Argument #5: Items improperly placed for collection weren’t yours. The DOS has specific rules for how garbage must be put out for collection. For example, cardboard boxes must be broken down and tied up. But if improperly placed items find their way in front of your building through no fault of yours, the ECB won’t hold you responsible.
For example, one owner got hit with violation for leaving cardboard boxes out for collection without tying them up. The owner claimed that he didn’t leave the boxes out. The night before the violation was issued had been windy, and the owner claimed that the boxes must have been blown in front of his building from down the block. The ECB believed the owner and dismissed the violation [Rudowsky].
What to say. Say you get a DOS violation for improperly placing untied cardboard boxes out for collection, and you didn’t place those boxes there. If you submit a letter challenging the violation, make sure to state where you believe the boxes came from. Also, include whatever proof you have to support your claim. Your letter might say something like this:
I challenge violation No. 9999 issued July 1, 2003 for improperly placing untied cardboard boxes out for collection in front of 999 E. 99th St., New York, NY. I did not place those boxes out for collection. They appear to have come from a neighboring building because they are addressed to a store, XYZ Inc., which is down the block from my building. I am enclosing a photograph of those boxes taken after the violation was issued, showing the address on the boxes. The ECB has ruled that an owner is not responsible for improperly placed garbage that comes from another source if the owner has not placed the garbage there. See Rudowsk: ECB App. No. 39424 (3/25/03).
Practical Pointer: Note that this argument doesn’t always fly when it comes to violations for not cleaning in front of your sidewalk. The ECB has often ruled that you’re responsible for cleaning up debris in front of your sidewalk, regardless of where that debris comes from.
Argument #6: Description of violation doesn’t match law cited. The violation notice should give both the law you violated and a description of the violating condition. These two must match each other. If they don’t, you should be able to get the violation dismissed, says Bailey.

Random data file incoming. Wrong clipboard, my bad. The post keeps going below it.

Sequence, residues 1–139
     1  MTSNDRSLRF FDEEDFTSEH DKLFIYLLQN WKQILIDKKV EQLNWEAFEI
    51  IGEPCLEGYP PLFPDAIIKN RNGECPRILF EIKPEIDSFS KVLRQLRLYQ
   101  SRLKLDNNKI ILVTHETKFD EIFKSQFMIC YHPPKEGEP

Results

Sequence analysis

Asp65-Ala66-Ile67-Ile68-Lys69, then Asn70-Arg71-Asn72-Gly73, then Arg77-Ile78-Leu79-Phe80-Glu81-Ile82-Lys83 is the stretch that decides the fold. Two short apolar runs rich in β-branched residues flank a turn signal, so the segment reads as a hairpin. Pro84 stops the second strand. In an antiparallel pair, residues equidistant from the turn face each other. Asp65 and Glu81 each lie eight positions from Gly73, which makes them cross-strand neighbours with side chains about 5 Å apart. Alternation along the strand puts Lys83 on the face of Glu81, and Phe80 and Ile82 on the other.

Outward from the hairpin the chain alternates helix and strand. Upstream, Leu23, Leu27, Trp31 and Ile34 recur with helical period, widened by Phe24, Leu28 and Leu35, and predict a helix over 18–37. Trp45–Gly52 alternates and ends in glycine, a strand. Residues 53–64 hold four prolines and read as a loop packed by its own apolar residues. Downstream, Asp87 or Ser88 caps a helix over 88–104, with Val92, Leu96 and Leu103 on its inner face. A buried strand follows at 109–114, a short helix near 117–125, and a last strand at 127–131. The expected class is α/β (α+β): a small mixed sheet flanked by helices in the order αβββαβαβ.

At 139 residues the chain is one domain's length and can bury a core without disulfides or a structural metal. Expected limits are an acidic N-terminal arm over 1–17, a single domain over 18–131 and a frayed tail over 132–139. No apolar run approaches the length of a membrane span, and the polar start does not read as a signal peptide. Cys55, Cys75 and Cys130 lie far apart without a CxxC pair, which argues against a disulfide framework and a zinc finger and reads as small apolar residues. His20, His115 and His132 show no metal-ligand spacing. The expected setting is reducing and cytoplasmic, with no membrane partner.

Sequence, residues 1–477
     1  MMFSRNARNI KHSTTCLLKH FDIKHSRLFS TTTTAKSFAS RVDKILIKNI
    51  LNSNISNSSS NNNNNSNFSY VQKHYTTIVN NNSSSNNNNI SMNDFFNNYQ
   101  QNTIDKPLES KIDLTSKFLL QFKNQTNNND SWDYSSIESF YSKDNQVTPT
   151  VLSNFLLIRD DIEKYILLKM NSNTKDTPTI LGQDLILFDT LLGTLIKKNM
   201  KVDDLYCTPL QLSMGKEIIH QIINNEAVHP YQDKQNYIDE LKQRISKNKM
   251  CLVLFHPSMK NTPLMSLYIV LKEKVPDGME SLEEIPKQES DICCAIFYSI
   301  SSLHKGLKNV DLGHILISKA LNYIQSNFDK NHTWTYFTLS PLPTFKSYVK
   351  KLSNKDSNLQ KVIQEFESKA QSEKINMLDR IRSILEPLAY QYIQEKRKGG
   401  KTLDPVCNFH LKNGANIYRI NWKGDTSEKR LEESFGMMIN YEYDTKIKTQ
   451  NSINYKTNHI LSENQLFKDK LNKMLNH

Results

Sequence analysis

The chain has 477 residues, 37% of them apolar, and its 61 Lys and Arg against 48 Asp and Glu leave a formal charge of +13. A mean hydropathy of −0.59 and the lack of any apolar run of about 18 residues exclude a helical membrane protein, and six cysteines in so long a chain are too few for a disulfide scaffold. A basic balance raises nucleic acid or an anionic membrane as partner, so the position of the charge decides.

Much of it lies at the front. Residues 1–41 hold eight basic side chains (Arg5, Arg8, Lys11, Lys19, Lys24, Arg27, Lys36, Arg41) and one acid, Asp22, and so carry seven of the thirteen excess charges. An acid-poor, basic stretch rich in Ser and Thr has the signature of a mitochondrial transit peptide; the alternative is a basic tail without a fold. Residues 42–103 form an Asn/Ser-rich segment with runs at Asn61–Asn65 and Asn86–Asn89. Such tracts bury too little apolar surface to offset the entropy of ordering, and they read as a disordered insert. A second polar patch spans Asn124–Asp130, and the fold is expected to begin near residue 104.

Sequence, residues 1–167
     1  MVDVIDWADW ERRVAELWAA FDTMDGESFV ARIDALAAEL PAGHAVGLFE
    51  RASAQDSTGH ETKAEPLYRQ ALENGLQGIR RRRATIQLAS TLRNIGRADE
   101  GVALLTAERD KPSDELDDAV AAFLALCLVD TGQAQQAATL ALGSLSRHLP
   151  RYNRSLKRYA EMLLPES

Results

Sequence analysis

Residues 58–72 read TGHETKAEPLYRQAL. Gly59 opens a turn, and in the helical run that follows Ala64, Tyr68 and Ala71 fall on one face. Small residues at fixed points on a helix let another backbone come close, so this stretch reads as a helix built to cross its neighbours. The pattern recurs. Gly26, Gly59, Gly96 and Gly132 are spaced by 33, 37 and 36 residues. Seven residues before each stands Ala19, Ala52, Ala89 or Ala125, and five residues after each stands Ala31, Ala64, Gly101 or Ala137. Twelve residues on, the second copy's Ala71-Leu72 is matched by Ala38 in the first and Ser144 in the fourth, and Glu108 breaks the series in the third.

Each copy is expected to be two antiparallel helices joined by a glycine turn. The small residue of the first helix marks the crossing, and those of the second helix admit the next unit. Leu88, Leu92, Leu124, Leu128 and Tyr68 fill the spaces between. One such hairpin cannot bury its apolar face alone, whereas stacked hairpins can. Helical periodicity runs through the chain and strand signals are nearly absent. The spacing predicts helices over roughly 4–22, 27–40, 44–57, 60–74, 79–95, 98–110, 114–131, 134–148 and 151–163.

For example, an owner got cited with a violation for mixing recyclables with other trash. The owner claimed the violation notice didn’t cite the proper section of law it claimed to be based on. The law cited in the violation stated only that rigid, green containers should be used for recyclable paper. The ECB dismissed the violation [D’Onofrio].
Practical Pointer: To find out what the law cited in the violation notice says (so you can compare it to the description of the violation), check the DOS’s Digest of Codes. You can download this Digest from the DOS Web site at www.nyc.gov/html/dos, or you can call the New York City Citizen Service Center at 311 and ask them to mail a copy to you.
What to say. Say you get a DOS violation and the cited law you violated doesn’t match the description of the violation. If you submit a letter challenging the violation, your letter might say something like this:
I challenge violation No. 9999 issued July 1, 2003 for not cleaning 18 inches into the street because the description of the violation does not match the law cited. Although the description of the violation says I did not clean 18 inches into the street, I am cited with violation section 16-120(d) of the Administrative Code, which bars placing loose rubbish out for collection. The ECB has dismissed Department of Sanitation violations against owners if the description of the violation does not match the law cited. See D’Onofrio: ECB App. No. 32281 (4/28/99).